Joseph Gordon-Levitt Reveals Inspirations for Look and Feel of ‘Mr. Corman’

Joseph Gordon-Levitt Reveals Inspirations for Look and Feel of ‘Mr. Corman’

Apple Tv+, Awards

12/3/2021 11:17:00 PM

Joseph Gordon-Levitt Reveals Inspirations for Look and Feel of ‘ Mr. Corman

The actor created and stars in the show and also directed eight out of the 10 episodes.

Mr. CormanFirst Stars I See TonightMr. Corman. We would put the [footage of actors shot in front of a greenscreen] online for anybody to see, even though it wasn’t finished, and then people would add [their own] visuals.” Gordon-Levitt notes that the photo-collage sequences in

First Stars I See TonightCourtesy PhotoGordon-Levitt points to the experimental duo The Books as an influence on Josh’s music. The New York City-based band — comprising guitarist and vocalist Nick Zammuto and cellist Paul de Jong — released four albums between the band’s founding in 2000 and breakup in 2012. Their songs are a mixture of folk melodies and samples sourced from cassettes purchased from thrift stores; eschewing traditional percussion instruments, the band favored using everyday objects in lieu of drums. Gordon-Levitt calls out the song “Take Time,” from the band’s sophomore album,

Read more: The Hollywood Reporter »

Northeast Ohio weather: Cool finale to weekend with potential for scattered showers

Temperatures will be in free-fall today with the passage of a strong cold front featuring scattered showers. Read more >>

ALTU Is Joseph Altuzarra's Take on Gender Fluid DressingSelf-described as “genderful” and worn by troyesivan at the Met Gala

Must Read: Joseph Altuzarra Launches New Ready-to-Wear Label Altu, Dakota Johnson Covers 'Town & Country'Plus, Hunter Schafer is the January cover star of 'Harper's Bazaar.' i loooove iiiiiiittttttt💞💓💗🇩🇿

Introducing Altu, a New Collection of Genderful Fashion From Joseph AltuzarraNew York’s Joseph Altuzarra—he of the side-slit pencil skirts and Kamala Harris pantsuits—is the designer behind the new collection of genderful fashion, Altu.

Kim Gordon Continues the Never-Ending Fight for a Woman's Right to Choose With 'Grass Jeans'“Here we are dealing with abortion again, and women having control of their own bodies. It’s kind of crazy,” she very presciently said in 2019 Lovely honey!!

Paper-made Garments Chronicle 500 Years of FashionThe exhibition provided a starting point for inspiration for a runway show this fall.

Before the Cameras Even Roll, “A Movie Lives or Dies by Casting”Francine Maisler, The Hollywood Reporter’s inaugural Casting Director of the Year, reveals how she helped assemble the marquee names in 'Dune,' 'Don't Look Up' and 'Being the Ricardos.' The script is a priority- you can have the best cast in the world but if the writing is bad…a great cast might not salvage a production now casting is all about race quotas. so we get black folk popping up in British victorian dramas & in Viking films. Makes them so much more historically accurate! dunemovie dontlookupfilm Over her decades-long career, Francine Maisler has also played a part in casting 'Tropic Thunder,' the original SpiderMan, 'Bad Boys' and Succession More on her career:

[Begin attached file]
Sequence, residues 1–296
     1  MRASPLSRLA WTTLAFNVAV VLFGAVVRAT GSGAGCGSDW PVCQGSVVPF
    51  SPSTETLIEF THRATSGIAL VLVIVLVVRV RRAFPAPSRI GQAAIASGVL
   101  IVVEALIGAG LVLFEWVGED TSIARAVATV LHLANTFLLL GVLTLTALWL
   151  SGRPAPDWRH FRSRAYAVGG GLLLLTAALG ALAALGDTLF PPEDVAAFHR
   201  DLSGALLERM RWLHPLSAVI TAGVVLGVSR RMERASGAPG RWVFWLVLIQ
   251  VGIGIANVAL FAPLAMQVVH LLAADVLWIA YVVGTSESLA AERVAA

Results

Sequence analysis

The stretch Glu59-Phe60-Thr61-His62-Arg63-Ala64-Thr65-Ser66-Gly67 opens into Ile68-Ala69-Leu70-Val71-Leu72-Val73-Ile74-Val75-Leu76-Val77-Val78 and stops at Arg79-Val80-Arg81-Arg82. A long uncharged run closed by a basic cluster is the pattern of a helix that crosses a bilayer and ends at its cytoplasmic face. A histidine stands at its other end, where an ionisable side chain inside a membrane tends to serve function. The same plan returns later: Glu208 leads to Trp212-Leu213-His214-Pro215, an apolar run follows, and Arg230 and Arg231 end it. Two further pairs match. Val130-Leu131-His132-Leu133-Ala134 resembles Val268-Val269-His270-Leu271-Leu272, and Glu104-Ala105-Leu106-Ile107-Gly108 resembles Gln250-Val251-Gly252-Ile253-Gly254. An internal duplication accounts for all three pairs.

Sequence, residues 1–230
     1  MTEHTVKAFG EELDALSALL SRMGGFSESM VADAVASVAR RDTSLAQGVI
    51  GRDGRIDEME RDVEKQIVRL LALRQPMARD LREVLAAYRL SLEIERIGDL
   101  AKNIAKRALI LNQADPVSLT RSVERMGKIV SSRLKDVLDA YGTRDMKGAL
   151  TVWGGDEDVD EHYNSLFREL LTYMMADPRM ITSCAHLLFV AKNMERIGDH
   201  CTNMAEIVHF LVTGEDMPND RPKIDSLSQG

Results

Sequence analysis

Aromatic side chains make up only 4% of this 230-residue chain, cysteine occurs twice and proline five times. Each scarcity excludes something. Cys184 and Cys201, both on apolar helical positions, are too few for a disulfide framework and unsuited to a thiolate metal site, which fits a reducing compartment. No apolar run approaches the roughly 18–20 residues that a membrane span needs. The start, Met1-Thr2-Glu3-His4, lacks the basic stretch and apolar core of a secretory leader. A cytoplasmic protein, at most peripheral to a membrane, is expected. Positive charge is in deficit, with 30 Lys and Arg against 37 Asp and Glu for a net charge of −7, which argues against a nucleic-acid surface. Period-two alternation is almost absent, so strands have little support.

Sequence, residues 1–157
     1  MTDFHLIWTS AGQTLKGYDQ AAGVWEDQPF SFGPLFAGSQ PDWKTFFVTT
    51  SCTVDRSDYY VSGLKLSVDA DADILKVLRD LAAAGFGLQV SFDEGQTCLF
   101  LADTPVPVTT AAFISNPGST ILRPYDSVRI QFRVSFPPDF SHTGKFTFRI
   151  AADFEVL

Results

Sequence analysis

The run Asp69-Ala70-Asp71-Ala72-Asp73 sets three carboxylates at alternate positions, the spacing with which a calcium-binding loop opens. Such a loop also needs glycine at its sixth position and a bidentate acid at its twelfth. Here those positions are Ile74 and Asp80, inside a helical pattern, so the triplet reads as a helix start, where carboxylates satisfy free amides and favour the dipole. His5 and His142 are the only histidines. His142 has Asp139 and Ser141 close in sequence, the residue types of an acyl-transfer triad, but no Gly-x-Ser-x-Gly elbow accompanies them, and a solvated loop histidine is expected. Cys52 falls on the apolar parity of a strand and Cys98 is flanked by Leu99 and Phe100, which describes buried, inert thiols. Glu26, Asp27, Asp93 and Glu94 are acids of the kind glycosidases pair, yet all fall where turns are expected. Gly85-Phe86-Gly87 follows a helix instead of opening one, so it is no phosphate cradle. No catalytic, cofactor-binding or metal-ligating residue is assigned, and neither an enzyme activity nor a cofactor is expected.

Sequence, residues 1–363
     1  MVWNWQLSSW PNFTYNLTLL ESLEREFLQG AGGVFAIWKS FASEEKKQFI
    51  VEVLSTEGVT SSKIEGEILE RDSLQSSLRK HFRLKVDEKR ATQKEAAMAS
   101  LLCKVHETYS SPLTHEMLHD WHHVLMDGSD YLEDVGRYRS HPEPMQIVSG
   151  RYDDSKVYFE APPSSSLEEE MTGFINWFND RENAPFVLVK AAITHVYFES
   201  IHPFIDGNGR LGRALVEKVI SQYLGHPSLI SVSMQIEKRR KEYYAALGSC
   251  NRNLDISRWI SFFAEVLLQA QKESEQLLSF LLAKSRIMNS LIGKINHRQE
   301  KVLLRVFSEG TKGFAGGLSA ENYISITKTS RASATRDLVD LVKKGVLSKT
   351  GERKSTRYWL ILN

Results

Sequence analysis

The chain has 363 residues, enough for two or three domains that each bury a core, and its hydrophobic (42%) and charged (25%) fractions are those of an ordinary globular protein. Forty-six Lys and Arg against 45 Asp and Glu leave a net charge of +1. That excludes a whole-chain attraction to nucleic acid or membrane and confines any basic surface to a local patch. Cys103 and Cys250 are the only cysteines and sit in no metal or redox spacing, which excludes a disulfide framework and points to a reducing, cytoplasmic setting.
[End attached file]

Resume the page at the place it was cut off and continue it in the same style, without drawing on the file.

How 'The Harder They Fall' and 'The Power of the Dog' Reimagine the Style of the Wild West Photo Taken at Van Nuys High School Gordon-Levitt grew up in the San Fernando Valley as he began his career as a child actor. Perhaps not coincidentally, Mr. Corman takes place in the Valley, with the title character teaching at an elementary school in Van Nuys. “I went to Van Nuys High, and the look and feel of that place is a big part of the show,” Gordon-Levitt says. This photograph of the actor (left) — alongside friends John, Mike and Ian — was taken by another friend, Josh, in their first year of high school. “He was, at the time, that kind of artsy kid who experimented with photography,” Gordon-Levitt says. “Photography meant something a little different back then before everybody had digital cameras on their phones.” Because the black-and-white snap of the four friends resembled a band photo, its photographer asked the youngsters to autograph the image.   First Stars I See Tonight Josh Corman is a man in search of connection in an overconnected world, and much of his melancholic mood stems from the lonely nature of creating art on his own. It’s a fitting theme for Gordon-Levitt to explore, as he co-founded the online collaborative platform HitRecord in 2005 with his brother, Dan Gordon-Levitt. With hundreds of creative contributors, HitRecord has produced short films, music and prose, plus an Emmy-winning show that ran for two seasons. It was through the collaborative process on HitRecord that Gordon-Levitt began experimenting with animation and greenscreens (both appear in Mr. Corman ). “There’s a series of greenscreen sequences where Josh is daydreaming, and you get to see writ large in grand, cinematic fashion his feelings that are too strong or powerful to really capture with realism,” Gordon-Levitt explains. “The way we would do it on HitRecord is a bit different than what we did on Mr. Corman . We would put the [footage of actors shot in front of a greenscreen] online for anybody to see, even though it wasn’t finished, and then people would add [their own] visuals.” Gordon-Levitt notes that the photo-collage sequences in Mr. Corman were done in “a more orderly fashion,” but he points to one of HitRecord’s short films, First Stars I See Tonight (which features actress Elle Fanning), as an example of the multimedia process. First Stars I See Tonight Courtesy Photo “Take Time” by The Books Although his days are spent teaching fifth graders, much of Josh’s free time is spent working on his music. “Nathan Johnson — who composed the music — and I are great friends,” Gordon-Levitt says. “One of the things we talked about was [that] Josh’s music should be stuff that he could make in his bedroom.” Gordon-Levitt points to the experimental duo The Books as an influence on Josh’s music. The New York City-based band — comprising guitarist and vocalist Nick Zammuto and cellist Paul de Jong — released four albums between the band’s founding in 2000 and breakup in 2012. Their songs are a mixture of folk melodies and samples sourced from cassettes purchased from thrift stores; eschewing traditional percussion instruments, the band favored using everyday objects in lieu of drums. Gordon-Levitt calls out the song “Take Time,” from the band’s sophomore album, The Lemon of Pink , as the way into Josh’s musical sound. “The Books is music that someone could make in a bedroom,” he says, “but it’s incredibly expensive and creative and beautiful.” “Take Time” by The Books Courtesy Photo Paul Thomas Anderson’s fourth feature was his third (following Boogie Nights and Magnolia ) set in the San Fernando Valley, where he was raised. For Gordon-Levitt, the idiosyncratic romantic comedy — which starred Adam Sandler in his first dramatic role as an awkward man riddled with anxiety alongside Emily Watson — changed his perspective about how he saw the area of Los Angeles in which he grew up. “It finds cinematic beauty in a place that might seem mundane,” notes Gordon-Levitt. “If you were standing in the alley where Adam Sandler’s character works, you probably wouldn’t think to yourself, ‘Wow, this would be a gorgeous location for a movie.’ “ Gordon-Levitt credits Anderson’s particular vision of the Valley as inspiring the way Josh views the world. “Paul Thomas Anderson doesn’t decorate the place — it’s just a question of how you frame it,” he says. “I love the idea that, depending on your perspective, a place that seems ordinary or not particularly special can take on so much beauty.” Gordon-Levitt adds that it’s the “life lesson” of his series: “ Mr. Corman is about having a negative perspective versus a positive outlook. It’s about taking the mundane and making it beautiful.” Punch-Drunk Love Columbia/Courtesy Everett Collection Fostex Four-Track Recorder Gordon-Levitt says he’s been making music since he was a teenager. “When I was 15, I got a four-track — which is what we would call them back then,” he recalls of when he began recording his own songs, a time long before digital recording devices were commonplace. “You would record onto a cassette — just a normal, blank cassette — but this machine [would allow you to] record four different tracks on one [tape].” Josh composes new music throughout Mr. Corman in an effort to work through his anxious mind. Gordon-Levitt admits it was his own passion for music-making that influenced that element of Josh’s character. “I recorded lots of little songs starting from age 15. I always loved doing it — I still love doing it,” he says. “That hobby of mine became an important part of Mr. Corman and Josh’s character. If you took that 15-year-old and fast-forwarded to his adult life, it would be Josh in a lot of ways.” As Josh composes his music (each episode begins with Josh tinkering in his bedroom, albeit on a computer rather than an analog four-track), we slowly hear what he’s been working on with the show’s finale. “All these parts,” he says, “are actually part of one song.” Fostex Four-Track Recorder Adobe Stock This story first appeared in a December stand-alone issue of The Hollywood Reporter magazine. To receive the magazine,